How to Onboard New Church Staff in a Post-COVID World
“It’s good to see you, thanks for volunteering!”
“I’ve worked here for 3 months…I’m the new program coordinator.”
This awkward interaction is an excerpt from a real conversation that happened at a real organization in the last six months between a senior church staff member and a new hire. What a rocky way to start a new job and a tough recovery ahead for the veteran staff member. During these times, unfortunately, this type of exchange is happening more than it should. In the absence of the big welcome lunches, the daily job-shadowing, and the organic walk-around-the-office introductions, there are some new, innovative ways to ensure successful onboarding of new church staff despite the challenges that we face.
Share a fun “Get to Know Me” video of your new hire that you show before your worship services (in-person or online). This can be super low production using an iPhone even. This video can be shared via email to staff and church members as well as on social media. The goal is to make sure that your new hire feels warmly welcomed and known by the church family.
Host a Meet the Team Party- Virtually
Although we all know that Zoom fatigue is real, it is still very important that you prioritize introducing your new team member to the rest of the staff. Keep it quick and make it fun by theming the party (trust me, you really haven’t lived until you’ve attended an 80s hair band themed Zoom), asking some trivia questions, doing a prize give-away and allowing everyone to meet and welcome the new person to the team. Keep it simple and positive and make it 30 minutes tops.
Set-up a User-Friendly Online Training Resource
How do I submit an expense report?
How many vacation days do I have?
Where do I find so and so’s phone number?
All good questions and all resources that could live on an online training system. It could be as simple as creating a shared folder on Dropbox or Google Drive. The point is that, in this day and age, it would be well worth your time to anticipate a lot of these common questions and house resources that answer them all in one space. This will save you time in the long run and will give all of your new hires, as well as the church staff as a whole, a great place to go to find answers regarding policies and procedures, benefits, time-off requests, etc. Make sure to include a resource that details who to go to for what with contact information and pictures, if possible. Trust me, this will take some time on the front-end, but will continue to be a huge gift to the organization for years and years to come.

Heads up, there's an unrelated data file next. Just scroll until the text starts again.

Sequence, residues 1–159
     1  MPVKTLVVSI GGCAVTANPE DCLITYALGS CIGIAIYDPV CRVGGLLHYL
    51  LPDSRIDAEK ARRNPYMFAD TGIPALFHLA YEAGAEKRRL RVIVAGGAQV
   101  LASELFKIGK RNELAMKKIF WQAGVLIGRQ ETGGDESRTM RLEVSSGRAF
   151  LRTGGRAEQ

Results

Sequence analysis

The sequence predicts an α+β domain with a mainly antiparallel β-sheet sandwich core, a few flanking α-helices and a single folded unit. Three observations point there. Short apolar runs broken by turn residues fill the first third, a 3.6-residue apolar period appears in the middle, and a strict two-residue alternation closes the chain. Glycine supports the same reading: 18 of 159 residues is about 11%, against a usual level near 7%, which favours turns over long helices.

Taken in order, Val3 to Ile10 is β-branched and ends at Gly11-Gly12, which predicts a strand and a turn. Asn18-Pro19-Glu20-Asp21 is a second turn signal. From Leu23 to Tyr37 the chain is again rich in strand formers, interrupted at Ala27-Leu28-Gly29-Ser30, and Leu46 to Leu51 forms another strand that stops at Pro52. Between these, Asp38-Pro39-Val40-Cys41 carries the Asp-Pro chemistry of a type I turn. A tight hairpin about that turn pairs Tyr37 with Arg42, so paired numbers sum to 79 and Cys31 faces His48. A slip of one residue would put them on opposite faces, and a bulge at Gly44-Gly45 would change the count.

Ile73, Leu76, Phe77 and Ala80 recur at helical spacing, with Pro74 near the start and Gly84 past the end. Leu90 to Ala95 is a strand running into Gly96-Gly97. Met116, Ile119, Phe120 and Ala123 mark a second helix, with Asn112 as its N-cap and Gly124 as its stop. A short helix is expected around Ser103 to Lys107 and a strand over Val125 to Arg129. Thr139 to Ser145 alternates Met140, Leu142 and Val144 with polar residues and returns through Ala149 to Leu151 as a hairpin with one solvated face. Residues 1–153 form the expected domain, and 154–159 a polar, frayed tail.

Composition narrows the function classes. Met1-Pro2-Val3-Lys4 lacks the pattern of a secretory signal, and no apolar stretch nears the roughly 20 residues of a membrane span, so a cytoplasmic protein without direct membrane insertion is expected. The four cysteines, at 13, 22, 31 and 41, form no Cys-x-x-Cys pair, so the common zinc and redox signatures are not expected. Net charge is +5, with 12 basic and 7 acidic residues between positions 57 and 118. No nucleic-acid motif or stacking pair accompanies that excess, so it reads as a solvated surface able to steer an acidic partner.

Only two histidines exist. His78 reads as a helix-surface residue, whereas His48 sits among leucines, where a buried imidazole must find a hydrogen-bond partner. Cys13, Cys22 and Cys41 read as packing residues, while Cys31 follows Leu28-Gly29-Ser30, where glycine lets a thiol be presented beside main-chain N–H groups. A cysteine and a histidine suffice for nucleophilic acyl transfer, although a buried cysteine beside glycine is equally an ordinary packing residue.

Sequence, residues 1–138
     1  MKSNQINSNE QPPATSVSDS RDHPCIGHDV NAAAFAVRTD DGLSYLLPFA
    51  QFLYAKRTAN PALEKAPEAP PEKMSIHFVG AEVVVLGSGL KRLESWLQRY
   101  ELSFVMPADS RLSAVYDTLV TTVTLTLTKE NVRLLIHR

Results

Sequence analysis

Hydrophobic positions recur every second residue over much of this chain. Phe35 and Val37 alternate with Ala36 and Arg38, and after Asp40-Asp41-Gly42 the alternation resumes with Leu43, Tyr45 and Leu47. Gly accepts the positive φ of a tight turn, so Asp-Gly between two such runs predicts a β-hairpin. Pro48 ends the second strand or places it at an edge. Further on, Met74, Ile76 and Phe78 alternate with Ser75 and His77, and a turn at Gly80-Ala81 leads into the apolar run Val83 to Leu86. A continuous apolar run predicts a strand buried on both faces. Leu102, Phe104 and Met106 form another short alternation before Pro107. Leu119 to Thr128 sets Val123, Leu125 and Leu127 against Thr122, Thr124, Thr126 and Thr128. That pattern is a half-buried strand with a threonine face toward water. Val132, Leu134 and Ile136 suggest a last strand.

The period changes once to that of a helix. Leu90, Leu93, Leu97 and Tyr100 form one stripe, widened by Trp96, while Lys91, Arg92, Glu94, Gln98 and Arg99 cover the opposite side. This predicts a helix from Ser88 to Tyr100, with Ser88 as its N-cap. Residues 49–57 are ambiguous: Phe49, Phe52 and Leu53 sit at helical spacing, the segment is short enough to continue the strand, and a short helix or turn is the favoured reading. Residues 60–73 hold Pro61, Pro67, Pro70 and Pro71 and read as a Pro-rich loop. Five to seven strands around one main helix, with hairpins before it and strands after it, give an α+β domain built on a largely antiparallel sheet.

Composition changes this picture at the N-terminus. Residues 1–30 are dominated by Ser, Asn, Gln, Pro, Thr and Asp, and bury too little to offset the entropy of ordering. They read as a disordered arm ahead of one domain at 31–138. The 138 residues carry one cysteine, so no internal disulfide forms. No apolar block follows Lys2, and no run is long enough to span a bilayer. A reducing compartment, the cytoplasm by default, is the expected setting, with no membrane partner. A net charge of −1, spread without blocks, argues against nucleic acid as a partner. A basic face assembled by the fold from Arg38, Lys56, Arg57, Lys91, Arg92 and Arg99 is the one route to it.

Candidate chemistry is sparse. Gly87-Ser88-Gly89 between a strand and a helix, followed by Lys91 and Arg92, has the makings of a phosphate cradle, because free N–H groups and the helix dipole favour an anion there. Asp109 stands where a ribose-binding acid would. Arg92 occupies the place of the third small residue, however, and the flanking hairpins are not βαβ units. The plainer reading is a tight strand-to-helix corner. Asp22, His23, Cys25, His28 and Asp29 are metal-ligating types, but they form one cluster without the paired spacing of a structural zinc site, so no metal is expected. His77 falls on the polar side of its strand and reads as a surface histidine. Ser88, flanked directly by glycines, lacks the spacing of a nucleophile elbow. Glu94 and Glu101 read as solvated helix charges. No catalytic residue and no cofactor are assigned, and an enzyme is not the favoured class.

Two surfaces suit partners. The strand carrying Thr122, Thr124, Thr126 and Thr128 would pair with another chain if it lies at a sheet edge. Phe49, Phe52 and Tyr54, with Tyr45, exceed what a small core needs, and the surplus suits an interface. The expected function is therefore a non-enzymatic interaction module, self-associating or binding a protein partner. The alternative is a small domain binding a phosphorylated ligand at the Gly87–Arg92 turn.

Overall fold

Check-in often with your new staff members. They don’t need to feel like they are on an island alone left to figure things out for themselves. For the first few weeks, set-up a daily touch-base meeting in the mornings so that any questions can be answered clearly and goals for the day communicated first thing. This will eliminate ambiguity and anxiety on both sides. Also, make sure policies and procedures are communicated well and often, especially as CDC guidelines and protocols are continually updated. It’s better to be clear and proactive on the front-end. On that note, ensure that you set clear expectations for working remotely and/or in the office regularly.
Surprise and Delight the New Hire
Just because we’re more physically separated right now, doesn’t mean that you can’t still do some creative things to make new team members feel connected and a part. Send them a Starbucks gift card just to help start their morning off right. Ship them a “Welcome Kit” with some church swag like mugs, t-shirts, hats and gift them with UberEats or DoorDash one day for lunch. Let them know you are happy they are a part of the team ??
Continue to Utilize Technology
Even though this time in ministry has presented church staff with some significant challenges, one of the main things to emerge is the use of technology to stay connected. This trend will likely continue even as the world shifts back to some level of normalcy. Slack, Teams, Zoom and the like have become fixtures as church staff teams have looked for new ways to connect. To be honest, the comradery that happens when a few funny GIFs get sent back and forth in your channel is well worth learning to use these tools to keep new hires and their teams feeling connected, heard, and known.
With a little innovation, intentionality and creativity, the on-boarding process that your organization provides can make new hires feel set-up for success from the very beginning, even in this Post-COVID world.
Please register your resume with Church Jobs or please search our latest vacancies and make your next move!